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Terrorism & Security

More arrests in Mexico's war on drug cartels

In the U.S., President Calderón's efforts look successful. But Mexicans say the crackdowns are increasing violence.

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Mexico entered a new phase of its war on drugs two years ago when Mr. Calderón took office and immediately deployed thousands of armed troops across Mexico to battle drug gangs. But "the murder rate has soared since Calderón sent the army to battle the cartels, with daylight shootings now common," Reuters reports. "Bodies and severed heads have piled up as this year's death toll has topped 2,700 and killings turned more brutal."

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The Arizona Republic also questions whether Mexicans think the crackdowns are effective.

Instead of subsiding, drug-related murders are rising and becoming more gruesome. Once-quiet border towns have become battlegrounds....
"[I]n Mexico, many people are wondering if the crackdown on cartels is worth the loss of life. Marches and rallies are multiplying as Mexicans vent their frustration at the violence.
"I don't think the government is winning," [Angelica] Bucio said as she lay in a hospital bed surrounded by other victims from the grenade attack. "The violence is getting worse."

A recent BBC World Service poll shows that Mexicans are increasingly worried.

Some 42% of the 1,266 Mexicans polled in seven cities said they felt less safe than they did a year ago. Fewer than 10% felt safer, while the rest felt about the same.

Making matters worse, the violence is taking a serious toll on Mexico's economy, reports the Latin Business Chronicle.

The U.S. economic slowdown isn't the only factor hitting Mexico's economy these days. The violence caused by the country's organized crime has also negatively effected Mexico's GDP growth, shaving off one percentage point of growth, Finance Minister Agustin Carstens told local newspaper Reforma earlier this month. In addition to scaring off many foreign investors, the violence is forcing local companies to spend more on security and hurting domestic competition, he acknowledges.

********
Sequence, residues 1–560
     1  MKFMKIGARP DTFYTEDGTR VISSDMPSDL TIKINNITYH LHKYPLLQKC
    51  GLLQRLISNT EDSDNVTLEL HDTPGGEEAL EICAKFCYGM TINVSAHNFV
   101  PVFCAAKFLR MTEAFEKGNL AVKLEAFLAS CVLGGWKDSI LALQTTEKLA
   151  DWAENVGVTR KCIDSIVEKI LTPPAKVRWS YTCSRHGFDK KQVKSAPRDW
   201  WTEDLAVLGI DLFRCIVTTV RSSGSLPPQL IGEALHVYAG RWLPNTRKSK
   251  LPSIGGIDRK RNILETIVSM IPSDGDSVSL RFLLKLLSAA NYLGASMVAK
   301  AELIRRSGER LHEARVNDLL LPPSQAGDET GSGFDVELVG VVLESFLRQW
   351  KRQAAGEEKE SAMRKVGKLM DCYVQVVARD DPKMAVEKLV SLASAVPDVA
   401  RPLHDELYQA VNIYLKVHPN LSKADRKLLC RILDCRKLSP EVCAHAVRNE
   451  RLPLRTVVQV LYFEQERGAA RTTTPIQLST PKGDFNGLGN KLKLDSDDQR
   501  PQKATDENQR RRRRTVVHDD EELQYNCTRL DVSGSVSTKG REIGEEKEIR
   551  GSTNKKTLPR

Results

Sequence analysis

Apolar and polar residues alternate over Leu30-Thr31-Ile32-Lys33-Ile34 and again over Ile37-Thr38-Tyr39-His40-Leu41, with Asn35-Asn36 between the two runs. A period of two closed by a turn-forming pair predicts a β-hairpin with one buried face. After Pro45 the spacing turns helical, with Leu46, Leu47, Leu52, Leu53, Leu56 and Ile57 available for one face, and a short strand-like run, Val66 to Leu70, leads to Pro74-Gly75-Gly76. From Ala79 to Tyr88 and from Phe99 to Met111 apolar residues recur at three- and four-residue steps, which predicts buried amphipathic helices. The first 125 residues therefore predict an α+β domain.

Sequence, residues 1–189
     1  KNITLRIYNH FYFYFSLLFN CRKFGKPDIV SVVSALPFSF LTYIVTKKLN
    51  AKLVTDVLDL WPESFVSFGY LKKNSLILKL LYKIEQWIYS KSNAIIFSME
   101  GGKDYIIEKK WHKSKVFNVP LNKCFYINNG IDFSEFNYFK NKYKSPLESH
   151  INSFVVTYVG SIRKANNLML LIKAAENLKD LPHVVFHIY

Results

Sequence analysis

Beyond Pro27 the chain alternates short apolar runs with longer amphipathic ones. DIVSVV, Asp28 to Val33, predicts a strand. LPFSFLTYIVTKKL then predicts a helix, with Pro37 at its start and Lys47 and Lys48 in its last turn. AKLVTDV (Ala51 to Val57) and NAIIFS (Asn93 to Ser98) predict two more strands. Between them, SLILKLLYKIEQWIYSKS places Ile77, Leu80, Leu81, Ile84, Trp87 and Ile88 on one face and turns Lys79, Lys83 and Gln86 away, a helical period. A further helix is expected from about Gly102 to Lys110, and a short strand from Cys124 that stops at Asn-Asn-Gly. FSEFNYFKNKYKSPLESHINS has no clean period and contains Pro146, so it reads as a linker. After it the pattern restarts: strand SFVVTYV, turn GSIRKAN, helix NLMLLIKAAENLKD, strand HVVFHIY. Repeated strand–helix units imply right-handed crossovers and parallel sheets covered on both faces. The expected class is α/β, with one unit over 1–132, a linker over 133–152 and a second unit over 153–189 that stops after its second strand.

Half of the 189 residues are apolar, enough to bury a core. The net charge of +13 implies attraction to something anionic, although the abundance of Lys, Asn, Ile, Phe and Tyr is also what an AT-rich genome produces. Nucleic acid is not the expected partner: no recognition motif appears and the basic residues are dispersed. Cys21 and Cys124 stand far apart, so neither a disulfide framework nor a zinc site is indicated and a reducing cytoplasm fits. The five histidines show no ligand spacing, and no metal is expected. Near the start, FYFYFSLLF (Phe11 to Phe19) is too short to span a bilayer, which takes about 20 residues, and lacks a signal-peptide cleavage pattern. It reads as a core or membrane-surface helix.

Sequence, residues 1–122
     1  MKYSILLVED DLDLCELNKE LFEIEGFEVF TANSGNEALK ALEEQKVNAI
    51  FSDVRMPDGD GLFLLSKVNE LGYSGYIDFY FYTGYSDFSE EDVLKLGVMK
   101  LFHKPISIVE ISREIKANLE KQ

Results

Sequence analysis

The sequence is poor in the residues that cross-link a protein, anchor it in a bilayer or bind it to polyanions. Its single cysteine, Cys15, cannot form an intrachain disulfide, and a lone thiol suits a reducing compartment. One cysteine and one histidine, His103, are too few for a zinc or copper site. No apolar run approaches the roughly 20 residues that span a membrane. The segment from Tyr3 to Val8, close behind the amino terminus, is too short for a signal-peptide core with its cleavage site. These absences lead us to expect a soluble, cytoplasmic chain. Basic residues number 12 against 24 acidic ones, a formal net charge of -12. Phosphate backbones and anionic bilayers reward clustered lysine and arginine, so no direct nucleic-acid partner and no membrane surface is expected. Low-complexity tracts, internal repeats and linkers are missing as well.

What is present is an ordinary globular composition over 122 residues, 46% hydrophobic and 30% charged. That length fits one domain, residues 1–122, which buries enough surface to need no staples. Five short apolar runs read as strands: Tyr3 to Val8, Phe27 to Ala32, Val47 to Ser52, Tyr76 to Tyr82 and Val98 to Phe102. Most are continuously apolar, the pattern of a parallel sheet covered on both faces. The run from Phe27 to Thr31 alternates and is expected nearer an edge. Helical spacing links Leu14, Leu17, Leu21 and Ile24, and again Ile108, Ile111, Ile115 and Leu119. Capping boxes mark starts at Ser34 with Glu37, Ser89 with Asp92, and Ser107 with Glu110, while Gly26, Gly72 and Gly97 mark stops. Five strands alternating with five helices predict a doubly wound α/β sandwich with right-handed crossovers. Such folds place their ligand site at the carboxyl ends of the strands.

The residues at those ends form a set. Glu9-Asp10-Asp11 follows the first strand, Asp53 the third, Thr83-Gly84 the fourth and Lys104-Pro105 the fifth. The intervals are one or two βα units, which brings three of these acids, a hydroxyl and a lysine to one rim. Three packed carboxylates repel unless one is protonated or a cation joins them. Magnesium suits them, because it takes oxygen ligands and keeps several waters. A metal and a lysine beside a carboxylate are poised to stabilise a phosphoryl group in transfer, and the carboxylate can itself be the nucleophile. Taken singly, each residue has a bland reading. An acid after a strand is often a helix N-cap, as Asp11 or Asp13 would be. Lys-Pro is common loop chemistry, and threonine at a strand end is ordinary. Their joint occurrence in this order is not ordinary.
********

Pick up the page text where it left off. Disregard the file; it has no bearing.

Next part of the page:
Foreign investors already in Mexico agree. "The cost of security (insurance, surveillance) is relatively high, reduces competitiveness, and creates uncertainty," says Nicole Reich de Polignac, president and CEO of Scotiabank Mexico. "It is difficult to know at this moment if this is having an impact on investment decisions, but it is presumed so, particularly on foreign investments, but perhaps on domestic as well."

But if violence is increasing inside Mexico, the outcome for the US is dramatically different, The Arizona Republic reports.

The turmoil is in stark contrast to the U.S. side of the border, where Calderón's crackdown looks like a success. The White House has credited Mexico's efforts for a drop in the drug supply. Since 2006, the U.S. has seen an 84 percent jump in methamphetamine prices and a 21 percent increase in cocaine prices. Meth use has dropped 50 percent and cocaine use has decreased 19 percent, according to the Office of National Drug Control Policy.
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